3: The Bandage

I was really excited to start this piece. It had taken me a long time to design it but when I eventually got there I thoroughly enjoyed it.

With this part I really wanted to play around with metaphors. I also wanted to shift the focus away from the soldier slightly too, and remind people (and myself) that family and relationships suffer almost as much as the soldier themselves also. So how can I bring this into my own work? How can I accurately represent a family suffering, or better yet a family on their way to repair (due to the help of the charity)?

I began with the material, I always feel like this is the best starting point for me because then I know what I’m working with. I got some material from Maggie down in Textiles that I had already previously used when working on some stitch work I did for my Morocco piece (Field 2).

I compared this to your standard bandage material, then began to think about the ways in which it is used. When I thought of the idea I imagined it being wrapped around the top of and arm, around the biceps. I wasn’t keen on the idea of using a sling, so I stuck with this idea. I measured the material around my step-fathers arm so that I could cut it down accordingly to the right size. The material is quite thin and this worried me slightly; I remember when I used it last the thread didn’t sew into it too well so this is something I had to be aware of. However last time I was using the free-hand sewing machines and this time it is just by hand. I decided to stitch into the single layer of the fabric and then once I am finished I can fold over the remaining fabric to cover the stitching at the back and also thicken it. I had everything planned out.

Then when it came to deciding what I would illustrate onto this fabric, I began to struggle. I was really unsure. I began looking at other adverts the already exist and this one really stood out to me.

 what-goes-around-comes-around-rifle-pole

I really like how each edge of this advertisement becomes linked together when it wrapped around the pole. This would work well with my bandage, I just need to think of a design in which this would work.

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As you can see above I thought of two arms coming together once wrapped around the arm, giving a hug showing support, but this was far too simple for me and it didn’t interest me in the slightest. Like I mentioned before I wanted to take this piece to focus on the family. My thoughts began to turn to all the different situations families and relationships are put in and the causes of these, the main one being absence. I wasn’t sure how I could combine the absence of the loved with the connection of the two ends of the bandage, then it hit me! Unfortunately I don’t have any photo’s of the process I went through when making this, just the final product. This is a real shame.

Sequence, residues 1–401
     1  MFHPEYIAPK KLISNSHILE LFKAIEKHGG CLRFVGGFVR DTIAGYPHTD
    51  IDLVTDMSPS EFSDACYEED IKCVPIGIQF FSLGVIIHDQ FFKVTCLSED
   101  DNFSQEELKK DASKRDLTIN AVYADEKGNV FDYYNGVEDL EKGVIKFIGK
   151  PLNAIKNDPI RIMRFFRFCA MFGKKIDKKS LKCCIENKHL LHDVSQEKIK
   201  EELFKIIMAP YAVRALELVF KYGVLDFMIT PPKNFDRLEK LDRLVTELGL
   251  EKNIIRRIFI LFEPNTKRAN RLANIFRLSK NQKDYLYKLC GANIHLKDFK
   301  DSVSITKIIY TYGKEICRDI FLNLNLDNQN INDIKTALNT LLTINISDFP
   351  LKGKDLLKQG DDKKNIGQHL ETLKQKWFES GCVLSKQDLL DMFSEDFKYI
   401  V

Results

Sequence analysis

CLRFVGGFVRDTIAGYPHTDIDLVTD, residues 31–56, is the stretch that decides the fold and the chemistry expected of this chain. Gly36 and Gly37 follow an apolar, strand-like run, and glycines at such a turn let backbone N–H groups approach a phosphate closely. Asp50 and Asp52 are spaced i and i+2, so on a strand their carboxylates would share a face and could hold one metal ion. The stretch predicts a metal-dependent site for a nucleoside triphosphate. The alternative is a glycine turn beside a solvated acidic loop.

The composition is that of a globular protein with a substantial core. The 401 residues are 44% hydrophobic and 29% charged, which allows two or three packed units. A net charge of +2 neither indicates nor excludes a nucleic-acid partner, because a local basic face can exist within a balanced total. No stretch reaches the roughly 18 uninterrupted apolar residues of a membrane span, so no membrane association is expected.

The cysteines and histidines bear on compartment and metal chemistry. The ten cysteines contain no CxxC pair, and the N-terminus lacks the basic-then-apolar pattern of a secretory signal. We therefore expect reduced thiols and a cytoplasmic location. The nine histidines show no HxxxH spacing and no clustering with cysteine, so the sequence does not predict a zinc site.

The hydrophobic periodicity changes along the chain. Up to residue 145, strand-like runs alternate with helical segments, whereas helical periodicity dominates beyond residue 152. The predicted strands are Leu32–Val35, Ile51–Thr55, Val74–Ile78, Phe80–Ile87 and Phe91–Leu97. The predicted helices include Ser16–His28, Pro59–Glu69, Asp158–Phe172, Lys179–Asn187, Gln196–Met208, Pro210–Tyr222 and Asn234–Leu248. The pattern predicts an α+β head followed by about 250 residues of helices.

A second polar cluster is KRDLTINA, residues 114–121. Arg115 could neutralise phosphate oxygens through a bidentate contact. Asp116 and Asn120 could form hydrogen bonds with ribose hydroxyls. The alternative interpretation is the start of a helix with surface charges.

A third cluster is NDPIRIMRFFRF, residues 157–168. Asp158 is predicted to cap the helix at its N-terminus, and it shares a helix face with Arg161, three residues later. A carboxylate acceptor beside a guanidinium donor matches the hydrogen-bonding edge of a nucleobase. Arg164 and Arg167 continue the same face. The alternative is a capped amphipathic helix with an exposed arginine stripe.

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So here is a family; a little girl, a wife and a son together. On the opposite side we have a Royal Marine, in uniform. Between them represents the space and his destination. The mountains are there to resemble destinations such as Afghanistan, Iraq and so on. By making the surroundings between them foreign and different to what you’d expect to be next to a family (For example the standard family home setting) this makes the distance between them feel greater. Again with the colours I tried to keep to a small (ish) and simple colour scheme, yet including all of the colours that are in the Royal Marines uniform. I then used the red to stitch the bandage together to hide the threads at the back and also to give it a sort of frame, leaving out the edges so that once it’s wrapped around it all comes together well. I also left some of the material clear so that when I wrap it around there is enough space to be able to use a safety pin to attach it together. And here it is wrapped:

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I am very happy with how this has turned out. When the bandage is wrapped around the arm it comes together really well and I hope it gives out the message of the family coming back together, through the help of the charity. I’m playing with metaphor a lot here, with this idea being upon a bandage, symbolizing support and healing. Some thing that does really bother me about this illustration is the woman’s face, her eyes are too close together and this does make me feel uncomfortable. Again, like with the soldier, I have generalised the situation and made it hard all the donors to be able to relate; not every soldier is that ages with 2 children and a wife, or even a blonde wife for that matter, all these features come into eye when reviewing a product.

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